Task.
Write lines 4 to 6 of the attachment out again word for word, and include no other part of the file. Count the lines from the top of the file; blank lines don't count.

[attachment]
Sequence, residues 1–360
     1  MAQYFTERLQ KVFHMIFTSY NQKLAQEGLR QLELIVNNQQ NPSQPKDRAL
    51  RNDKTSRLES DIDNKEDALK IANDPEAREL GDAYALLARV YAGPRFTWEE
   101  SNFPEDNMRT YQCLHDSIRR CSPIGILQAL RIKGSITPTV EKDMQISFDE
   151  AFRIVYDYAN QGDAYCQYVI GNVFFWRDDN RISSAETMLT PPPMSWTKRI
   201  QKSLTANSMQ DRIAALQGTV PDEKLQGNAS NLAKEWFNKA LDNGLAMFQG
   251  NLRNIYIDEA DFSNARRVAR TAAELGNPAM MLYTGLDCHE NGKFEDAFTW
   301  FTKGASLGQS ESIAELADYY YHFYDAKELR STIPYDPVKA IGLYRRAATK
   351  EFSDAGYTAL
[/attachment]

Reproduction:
   101  SNFPEDNMRT YQCLHDSIRR CSPIGILQAL RIKGSITPTV EKDMQISFDE
   151  AFRIVYDYAN QGDAYCQYVI GNVFFWRDDN RISSAETMLT PPPMSWTKRI
   201  QKSLTANSMQ DRIAALQGTV PDEKLQGNAS NLAKEWFNKA LDNGLAMFQG